Happy members are at the heart of a thriving club and working collaboratively is key to creating a positive culture.
Clubs should aim for members to:
- be included in communications on all aspects of the club
- feel accurately represented by the committee
- be confident they know the rules of the club
- have a voice, and feel that their feedback is valued
- see coaches, volunteers and the committee working together for the good of the club
- see and hear behaviours aligned to the club code of conduct
- feel welcomed and listened to
- feel invested in club values
- feel they are treated sensitively and fairly
- Members have a positive experience at your club
- Members understand the expected behaviour and culture of the club
- Members work together positively
- Members can work through disagreements and disputes effectively
- Members talk positively about the club to their friends and family
- The club has a positive reputation in the local community
Having relevant policies and procedures can help with promoting collaboration and help address any issues should they arise. Even the most collaborative clubs may experience disagreements or disputes. Understanding the root of the disagreement can help you understand how to address and prevent in future.
Here are some of the potential disputes you may come across:
- Differences of opinion
- Disagreements on how to handle issues
- Complaints about performance or direction
- Financial disagreements
- Criticism of behaviours or attitudes
- Fighting with one another
- A test or challenge to power or position
- A threat out of our control
- Communication breakdown
Ensure that members agree to the codes of conducts so that they understand the expectations of behaviour at your club.
Committee to lead by example and set the tone for behaviour and culture across the club.
Identify club members who champion your club values, behaviours and ways of operating and use them to influence club culture.
Share club committee minutes or a review of actions and financial reports so that all members have visibility of club discussions, decisions, and future plans.
Appoint member representatives who can listen to issues in an informal capacity. Your members may feel more comfortable raising an issue informally with someone who they see as a peer, meaning solutions may be found faster.
If you go into a conversation thinking its going to be difficult it probably will be. Try reframing with a positive mindset and seeing the conversation as an opportunity to move forward, gain feedback and come to a positive resolution that will benefit the club and members.
Seek to engage and involve members by providing them opportunities to voice opinions and feelings on how the club is operating, as well as their experience.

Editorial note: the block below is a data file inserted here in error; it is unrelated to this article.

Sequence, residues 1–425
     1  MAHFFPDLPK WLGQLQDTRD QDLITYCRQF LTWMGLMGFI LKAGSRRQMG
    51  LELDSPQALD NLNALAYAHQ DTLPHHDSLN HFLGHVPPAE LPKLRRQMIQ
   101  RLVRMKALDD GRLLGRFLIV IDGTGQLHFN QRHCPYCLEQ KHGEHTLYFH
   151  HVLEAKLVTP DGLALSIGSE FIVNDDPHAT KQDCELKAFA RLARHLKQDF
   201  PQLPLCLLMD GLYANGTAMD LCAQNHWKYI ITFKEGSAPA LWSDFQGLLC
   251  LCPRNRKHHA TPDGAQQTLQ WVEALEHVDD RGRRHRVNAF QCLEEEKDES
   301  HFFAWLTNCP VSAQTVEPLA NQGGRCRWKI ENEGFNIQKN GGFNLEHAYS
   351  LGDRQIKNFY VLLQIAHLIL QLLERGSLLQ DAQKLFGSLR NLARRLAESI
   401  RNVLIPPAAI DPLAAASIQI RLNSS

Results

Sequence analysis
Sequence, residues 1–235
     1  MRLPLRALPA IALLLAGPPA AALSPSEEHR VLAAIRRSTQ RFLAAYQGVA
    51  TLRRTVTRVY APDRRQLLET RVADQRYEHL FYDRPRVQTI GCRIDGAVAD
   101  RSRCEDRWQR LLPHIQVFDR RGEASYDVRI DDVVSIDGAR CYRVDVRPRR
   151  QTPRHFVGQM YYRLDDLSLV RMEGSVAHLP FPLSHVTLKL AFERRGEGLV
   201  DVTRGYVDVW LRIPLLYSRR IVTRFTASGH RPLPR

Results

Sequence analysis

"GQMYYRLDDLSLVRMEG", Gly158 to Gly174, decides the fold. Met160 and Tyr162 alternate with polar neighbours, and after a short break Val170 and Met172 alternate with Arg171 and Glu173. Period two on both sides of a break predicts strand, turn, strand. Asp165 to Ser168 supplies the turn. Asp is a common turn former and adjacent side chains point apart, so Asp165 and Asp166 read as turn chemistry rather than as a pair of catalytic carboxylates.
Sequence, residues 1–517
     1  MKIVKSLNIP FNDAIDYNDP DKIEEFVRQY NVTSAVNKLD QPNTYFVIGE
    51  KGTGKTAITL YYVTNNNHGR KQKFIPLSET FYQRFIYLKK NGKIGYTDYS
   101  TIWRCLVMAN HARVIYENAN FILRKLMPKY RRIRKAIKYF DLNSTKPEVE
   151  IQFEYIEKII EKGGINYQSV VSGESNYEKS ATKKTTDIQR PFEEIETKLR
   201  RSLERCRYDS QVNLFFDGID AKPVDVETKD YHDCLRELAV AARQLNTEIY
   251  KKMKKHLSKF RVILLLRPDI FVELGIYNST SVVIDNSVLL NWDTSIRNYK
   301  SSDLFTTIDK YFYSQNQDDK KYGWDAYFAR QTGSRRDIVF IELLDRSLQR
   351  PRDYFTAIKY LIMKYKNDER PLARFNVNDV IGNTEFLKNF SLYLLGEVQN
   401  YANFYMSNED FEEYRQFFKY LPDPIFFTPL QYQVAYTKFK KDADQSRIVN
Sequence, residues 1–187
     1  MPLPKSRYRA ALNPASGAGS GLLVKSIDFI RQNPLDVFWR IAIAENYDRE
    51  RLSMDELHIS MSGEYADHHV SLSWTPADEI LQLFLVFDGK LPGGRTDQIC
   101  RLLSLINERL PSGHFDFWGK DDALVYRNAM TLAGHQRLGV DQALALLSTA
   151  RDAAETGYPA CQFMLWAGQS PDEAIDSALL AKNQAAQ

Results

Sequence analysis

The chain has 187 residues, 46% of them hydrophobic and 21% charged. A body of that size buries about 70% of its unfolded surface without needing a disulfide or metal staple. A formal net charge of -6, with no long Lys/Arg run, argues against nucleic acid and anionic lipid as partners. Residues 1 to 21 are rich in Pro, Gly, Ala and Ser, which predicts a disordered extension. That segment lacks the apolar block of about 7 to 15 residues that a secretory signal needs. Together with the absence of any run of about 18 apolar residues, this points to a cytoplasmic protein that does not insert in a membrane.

Keep an eye on any minor conflicts. Early intervention can prevent conflicts escalating. Consider how you can provide feedback and have positive conversations to resolve the issue.
Identify club members who could act as peace makers and facilitate discussions to resolve disagreements or address poor behaviour – this could be someone who feels comfortable with difficult and challenging situations.
Ensure that those who are involved with disagreements or disputes take time to look after themselves.
- Does your club have a fit-for-purpose constitution and relevant policies (Club Standards?)
Great. By establishing solid policies and procedures, hopefully your members will know and adhere to the rules of the club.
Some clubs don’t put policies and procedures in place until they realise they need them. These policies should aid collaboration and resolve disagreements if they do occur.
- Are all members made aware of and asked to sign up to codes of conduct?
Great. Keep these under regular review to ensure any changes are implemented and communicated.
Codes of conduct should be communicated and agreed by all members. The codes should be used to uphold and challenge poor behaviour.
- Do you provide an induction for new members?
Great. Hopefully your members understand and are supportive of the clubs purposes, ways of operating and behavioural expectations.
Providing an induction for new members helps the member learn more about the club, the ways of operating and behavioural expectations.
- Does your club engage in regular communication with club members on the running of club?
Great! Engaging your members will help them feel part of the club and understand why decisions are made.
Often the lack of communication can cause people to feel not part of the club, which can result in tensions.
- Is there a mechanism for formal and informal feedback to reach the management committee in the club?
Great. Knowing what your members think and reacting to suggestions is a great way to improve your members experience and retention.
Consider holding member forums or using a survey to get ideas and feedback from your members. Giving your members a voice will help.
- Does your club have a volunteer (s) who are comfortable with managing difficult conversations and defusing tensions?
Great. This will really help in preventing disputes escalating to becoming a formal conflict.
Being ready to deal with tensions is important in preventing disputes escalating into formal conflicts. Resolving a dispute peacefully, where all parties can learn and move on, will help rebuild relationships. Consider using a club member who is impartial and an empathetic good listener.